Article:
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January 19, 1924


JAMA. 1924;82(3):210-211. doi:10.1001/jama.1924.02650290040014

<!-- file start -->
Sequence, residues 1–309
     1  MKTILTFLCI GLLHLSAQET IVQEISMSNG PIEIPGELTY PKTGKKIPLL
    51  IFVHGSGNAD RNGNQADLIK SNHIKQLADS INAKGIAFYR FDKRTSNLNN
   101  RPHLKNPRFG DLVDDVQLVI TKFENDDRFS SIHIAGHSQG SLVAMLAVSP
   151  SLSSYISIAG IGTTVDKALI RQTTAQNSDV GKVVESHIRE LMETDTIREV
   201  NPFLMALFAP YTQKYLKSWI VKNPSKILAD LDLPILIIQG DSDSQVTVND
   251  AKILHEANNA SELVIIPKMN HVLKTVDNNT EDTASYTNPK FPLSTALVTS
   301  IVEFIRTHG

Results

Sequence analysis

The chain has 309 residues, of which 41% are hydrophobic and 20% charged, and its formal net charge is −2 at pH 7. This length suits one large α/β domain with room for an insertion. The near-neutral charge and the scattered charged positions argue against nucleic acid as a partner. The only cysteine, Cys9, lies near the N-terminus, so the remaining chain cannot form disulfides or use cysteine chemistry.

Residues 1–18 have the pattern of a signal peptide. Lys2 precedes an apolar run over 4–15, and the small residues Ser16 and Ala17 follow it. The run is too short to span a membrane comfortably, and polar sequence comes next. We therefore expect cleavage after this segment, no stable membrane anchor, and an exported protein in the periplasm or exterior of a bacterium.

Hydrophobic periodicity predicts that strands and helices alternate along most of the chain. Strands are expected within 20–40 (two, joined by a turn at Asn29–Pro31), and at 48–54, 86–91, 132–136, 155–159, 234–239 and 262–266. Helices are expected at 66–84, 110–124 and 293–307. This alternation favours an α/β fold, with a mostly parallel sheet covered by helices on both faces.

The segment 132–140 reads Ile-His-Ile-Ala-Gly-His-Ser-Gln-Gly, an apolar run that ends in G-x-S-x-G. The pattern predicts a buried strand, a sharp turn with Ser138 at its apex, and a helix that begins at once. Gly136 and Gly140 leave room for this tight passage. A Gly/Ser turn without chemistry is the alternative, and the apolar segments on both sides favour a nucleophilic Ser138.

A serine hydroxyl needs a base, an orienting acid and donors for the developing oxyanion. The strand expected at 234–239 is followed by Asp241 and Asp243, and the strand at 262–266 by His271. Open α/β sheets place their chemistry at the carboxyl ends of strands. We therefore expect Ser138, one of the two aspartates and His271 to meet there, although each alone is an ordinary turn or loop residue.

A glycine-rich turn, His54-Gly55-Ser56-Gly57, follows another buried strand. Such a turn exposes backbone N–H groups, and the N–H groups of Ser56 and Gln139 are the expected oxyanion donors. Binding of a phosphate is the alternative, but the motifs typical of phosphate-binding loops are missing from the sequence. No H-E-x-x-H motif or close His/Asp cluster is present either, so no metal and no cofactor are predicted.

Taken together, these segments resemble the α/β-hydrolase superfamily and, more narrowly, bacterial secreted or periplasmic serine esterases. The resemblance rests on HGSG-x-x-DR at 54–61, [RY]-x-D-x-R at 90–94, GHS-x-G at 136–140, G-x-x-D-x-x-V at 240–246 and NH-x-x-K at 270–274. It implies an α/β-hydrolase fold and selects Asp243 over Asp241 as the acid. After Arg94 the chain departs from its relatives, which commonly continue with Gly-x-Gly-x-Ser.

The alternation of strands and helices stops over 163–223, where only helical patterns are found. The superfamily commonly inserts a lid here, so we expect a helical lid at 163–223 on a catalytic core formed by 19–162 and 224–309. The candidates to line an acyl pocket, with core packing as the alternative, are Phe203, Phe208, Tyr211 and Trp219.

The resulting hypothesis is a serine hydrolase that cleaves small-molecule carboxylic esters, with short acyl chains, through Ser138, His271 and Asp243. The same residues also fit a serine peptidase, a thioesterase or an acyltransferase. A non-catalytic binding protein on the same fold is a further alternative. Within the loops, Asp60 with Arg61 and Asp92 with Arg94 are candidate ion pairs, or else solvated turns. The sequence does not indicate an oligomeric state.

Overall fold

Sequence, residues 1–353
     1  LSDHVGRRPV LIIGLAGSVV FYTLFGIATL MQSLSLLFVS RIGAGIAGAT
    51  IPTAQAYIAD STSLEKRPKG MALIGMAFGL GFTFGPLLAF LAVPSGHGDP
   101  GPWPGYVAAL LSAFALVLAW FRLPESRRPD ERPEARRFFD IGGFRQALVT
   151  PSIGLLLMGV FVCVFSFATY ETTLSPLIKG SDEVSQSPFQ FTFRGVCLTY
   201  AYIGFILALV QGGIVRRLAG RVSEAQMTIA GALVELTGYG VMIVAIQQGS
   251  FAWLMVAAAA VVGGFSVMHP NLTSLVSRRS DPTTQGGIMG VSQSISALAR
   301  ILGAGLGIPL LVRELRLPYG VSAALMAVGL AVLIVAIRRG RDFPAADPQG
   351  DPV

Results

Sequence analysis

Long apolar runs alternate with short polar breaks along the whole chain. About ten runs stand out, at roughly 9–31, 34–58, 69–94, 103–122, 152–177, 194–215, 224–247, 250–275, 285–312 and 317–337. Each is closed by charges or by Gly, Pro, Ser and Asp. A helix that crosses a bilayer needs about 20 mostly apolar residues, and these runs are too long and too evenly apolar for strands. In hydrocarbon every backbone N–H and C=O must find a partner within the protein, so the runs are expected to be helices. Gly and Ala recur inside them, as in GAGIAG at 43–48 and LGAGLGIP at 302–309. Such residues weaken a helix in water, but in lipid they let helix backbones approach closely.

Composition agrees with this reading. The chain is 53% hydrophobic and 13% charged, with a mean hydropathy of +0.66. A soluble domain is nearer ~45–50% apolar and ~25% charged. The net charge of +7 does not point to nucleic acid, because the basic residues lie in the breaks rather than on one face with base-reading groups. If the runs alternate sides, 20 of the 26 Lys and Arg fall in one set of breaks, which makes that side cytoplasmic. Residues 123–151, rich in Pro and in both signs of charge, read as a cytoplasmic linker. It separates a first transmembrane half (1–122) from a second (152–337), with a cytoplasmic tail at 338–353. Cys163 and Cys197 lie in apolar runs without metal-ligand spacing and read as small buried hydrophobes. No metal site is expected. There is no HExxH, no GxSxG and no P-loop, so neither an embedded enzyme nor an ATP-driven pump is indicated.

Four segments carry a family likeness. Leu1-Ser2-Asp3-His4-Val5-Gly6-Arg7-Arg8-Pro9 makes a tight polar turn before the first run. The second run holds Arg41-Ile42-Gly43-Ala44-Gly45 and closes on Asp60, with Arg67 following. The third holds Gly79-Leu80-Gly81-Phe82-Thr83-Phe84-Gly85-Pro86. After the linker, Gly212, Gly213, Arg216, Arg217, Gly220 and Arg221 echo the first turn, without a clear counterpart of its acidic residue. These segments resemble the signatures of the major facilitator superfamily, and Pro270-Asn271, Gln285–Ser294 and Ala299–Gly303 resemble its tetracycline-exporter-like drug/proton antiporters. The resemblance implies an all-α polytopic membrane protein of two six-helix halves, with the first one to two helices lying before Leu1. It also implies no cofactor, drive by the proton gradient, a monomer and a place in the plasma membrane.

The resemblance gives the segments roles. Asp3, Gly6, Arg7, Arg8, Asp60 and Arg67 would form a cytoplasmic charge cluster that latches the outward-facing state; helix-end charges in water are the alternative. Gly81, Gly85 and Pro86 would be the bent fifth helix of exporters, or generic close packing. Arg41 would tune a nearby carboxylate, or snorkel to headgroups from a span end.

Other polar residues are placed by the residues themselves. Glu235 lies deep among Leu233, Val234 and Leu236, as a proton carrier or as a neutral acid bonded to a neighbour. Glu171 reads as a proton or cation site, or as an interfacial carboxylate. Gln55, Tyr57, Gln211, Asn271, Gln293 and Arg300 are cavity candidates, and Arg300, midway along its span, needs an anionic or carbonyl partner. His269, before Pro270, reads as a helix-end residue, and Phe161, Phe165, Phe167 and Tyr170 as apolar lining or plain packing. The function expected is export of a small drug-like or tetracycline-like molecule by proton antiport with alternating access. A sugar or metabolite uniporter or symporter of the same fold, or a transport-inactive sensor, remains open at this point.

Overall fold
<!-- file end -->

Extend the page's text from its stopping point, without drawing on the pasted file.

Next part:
A peculiar satisfaction comes to the promoter of preventive medicine whenever he can point to the conquest of some formidable disease through the agencies that modern scientific investigations have made available. The sensation of justifiable pride is shared by the medical profession in general when some arch enemy of human welfare has been successfully attacked; and nowadays the intelligent public is not long deprived of the news of such a victory. We may recall, for example, the war that Gorgas and his associates carried on against yellow fever in Havana after the army board had finally indicted the female Stegomyia mosquito as the offender. It was a war carried on against the insect by use of fumigations, by destruction of larvae, by protection through screening and through eradication of potential breeding places, and by appropriate quarantine. During the seventeenth and eighteenth centuries and earlier, Havana had been subject to epidemics